If there’s one thing we can agree on, it’s that nobody agrees on how to create economic growth. But at Arch Grants, we've chosen venture philanthropy, a people-based development model that combines the principles of venture capital with charitable giving in order to address big societal issues.

Venture philanthropy provides a distinct advantage over other economic development models. It allows people or organizations with capital to create change outside of government or public funding sources, which, though effective in the long term, struggle when it comes to short-term economic growth. By contributing to businesses directly, we can bypass bureaucratic hurdles and make nimble investments that contribute to a climate of entrepreneurship.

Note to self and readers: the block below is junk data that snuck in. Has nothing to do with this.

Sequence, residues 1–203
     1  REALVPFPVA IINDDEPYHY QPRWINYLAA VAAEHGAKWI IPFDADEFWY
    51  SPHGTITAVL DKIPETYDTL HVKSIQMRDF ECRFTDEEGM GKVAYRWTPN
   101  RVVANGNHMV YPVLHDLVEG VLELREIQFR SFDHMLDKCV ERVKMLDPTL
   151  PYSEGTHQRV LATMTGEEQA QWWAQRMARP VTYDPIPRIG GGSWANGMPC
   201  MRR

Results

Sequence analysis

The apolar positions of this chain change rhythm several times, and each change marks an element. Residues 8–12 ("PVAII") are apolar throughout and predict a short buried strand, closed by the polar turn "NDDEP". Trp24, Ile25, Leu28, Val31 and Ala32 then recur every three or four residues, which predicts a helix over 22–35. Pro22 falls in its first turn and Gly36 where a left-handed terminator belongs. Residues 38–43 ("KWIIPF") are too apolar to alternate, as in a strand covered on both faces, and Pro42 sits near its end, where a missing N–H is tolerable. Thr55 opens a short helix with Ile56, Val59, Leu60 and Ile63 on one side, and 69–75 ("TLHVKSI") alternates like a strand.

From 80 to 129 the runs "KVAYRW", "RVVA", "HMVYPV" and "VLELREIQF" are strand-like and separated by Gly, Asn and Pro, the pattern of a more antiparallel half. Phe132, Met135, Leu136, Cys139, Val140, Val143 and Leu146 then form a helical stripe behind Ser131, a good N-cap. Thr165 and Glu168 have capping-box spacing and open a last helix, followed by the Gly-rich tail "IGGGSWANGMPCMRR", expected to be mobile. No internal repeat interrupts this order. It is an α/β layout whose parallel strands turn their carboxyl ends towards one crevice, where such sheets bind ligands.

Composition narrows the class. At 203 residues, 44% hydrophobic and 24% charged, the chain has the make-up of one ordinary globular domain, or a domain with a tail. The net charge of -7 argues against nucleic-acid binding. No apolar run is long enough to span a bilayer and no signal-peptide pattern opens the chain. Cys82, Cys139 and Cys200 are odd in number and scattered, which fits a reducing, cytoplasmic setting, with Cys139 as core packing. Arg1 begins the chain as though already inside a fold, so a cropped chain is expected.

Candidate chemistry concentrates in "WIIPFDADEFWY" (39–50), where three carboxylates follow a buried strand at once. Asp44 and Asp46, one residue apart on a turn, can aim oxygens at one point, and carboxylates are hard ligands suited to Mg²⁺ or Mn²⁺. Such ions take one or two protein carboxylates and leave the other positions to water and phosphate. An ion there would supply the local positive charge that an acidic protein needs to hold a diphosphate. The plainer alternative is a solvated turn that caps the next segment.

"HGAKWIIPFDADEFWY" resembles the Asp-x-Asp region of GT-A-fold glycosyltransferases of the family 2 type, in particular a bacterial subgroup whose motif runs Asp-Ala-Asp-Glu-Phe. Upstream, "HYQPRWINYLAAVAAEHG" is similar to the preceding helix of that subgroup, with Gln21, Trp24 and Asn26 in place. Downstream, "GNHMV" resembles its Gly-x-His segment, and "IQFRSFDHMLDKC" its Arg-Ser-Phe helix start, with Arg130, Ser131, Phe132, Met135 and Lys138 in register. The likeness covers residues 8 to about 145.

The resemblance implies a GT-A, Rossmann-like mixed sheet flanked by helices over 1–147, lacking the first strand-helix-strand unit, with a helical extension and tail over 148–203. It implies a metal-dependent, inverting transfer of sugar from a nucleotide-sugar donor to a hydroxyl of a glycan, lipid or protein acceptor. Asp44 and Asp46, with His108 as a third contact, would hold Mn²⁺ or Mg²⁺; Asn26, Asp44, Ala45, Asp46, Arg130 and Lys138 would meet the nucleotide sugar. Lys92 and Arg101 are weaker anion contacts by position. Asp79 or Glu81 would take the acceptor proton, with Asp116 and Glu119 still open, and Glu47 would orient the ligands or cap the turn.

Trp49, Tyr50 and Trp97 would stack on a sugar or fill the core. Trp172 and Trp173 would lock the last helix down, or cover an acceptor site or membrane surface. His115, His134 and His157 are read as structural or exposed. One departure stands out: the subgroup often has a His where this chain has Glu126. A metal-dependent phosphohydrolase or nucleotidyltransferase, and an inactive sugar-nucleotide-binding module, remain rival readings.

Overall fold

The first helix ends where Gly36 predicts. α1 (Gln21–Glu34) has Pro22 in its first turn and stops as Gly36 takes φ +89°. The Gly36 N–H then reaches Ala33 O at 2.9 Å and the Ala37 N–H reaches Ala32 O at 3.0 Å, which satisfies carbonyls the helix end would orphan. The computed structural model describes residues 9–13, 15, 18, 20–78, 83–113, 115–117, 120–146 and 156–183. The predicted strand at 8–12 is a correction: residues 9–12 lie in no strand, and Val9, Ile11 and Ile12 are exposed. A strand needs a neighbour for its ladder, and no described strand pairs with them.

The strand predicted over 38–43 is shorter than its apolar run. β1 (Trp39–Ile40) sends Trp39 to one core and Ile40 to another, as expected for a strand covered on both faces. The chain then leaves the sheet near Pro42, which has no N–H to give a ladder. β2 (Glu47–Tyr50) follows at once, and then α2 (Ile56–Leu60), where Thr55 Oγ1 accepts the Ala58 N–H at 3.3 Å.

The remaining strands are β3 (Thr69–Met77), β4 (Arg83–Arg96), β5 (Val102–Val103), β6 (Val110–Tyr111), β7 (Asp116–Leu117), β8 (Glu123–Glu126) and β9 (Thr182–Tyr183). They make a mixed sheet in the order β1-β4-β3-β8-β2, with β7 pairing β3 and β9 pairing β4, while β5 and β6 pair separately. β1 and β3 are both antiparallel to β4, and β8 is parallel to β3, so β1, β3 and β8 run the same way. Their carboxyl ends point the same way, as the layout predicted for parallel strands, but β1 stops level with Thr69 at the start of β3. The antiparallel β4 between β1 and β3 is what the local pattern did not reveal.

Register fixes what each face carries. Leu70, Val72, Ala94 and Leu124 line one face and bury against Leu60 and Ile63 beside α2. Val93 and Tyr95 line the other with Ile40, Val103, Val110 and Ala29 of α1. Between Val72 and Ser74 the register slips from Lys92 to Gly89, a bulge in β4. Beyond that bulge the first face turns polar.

Venture philanthropy may be an investment in people, but it’s also a commitment to a place. Because venture philanthropy doesn’t offer returns in a traditional sense, organizations that use this model must find partners who share their vision for social good.  At Arch Grants, we work with individuals and family foundations — as well as larger companies and institutions — to secure localized funding and buy-in for our mission.

The final component of our venture philanthropy model is advisory — but not financial — partnership. That is, we don’t take equity in or loan money to any of the companies we invest in. When we don’t have a financial stake in the game, we’re able to create a different relationship with our entrepreneurs, one based on mentorship instead of the potential for profit.

Read the full article about venture philanthropy by Emily Lohse-Busch at Entrepreneur Quarterly.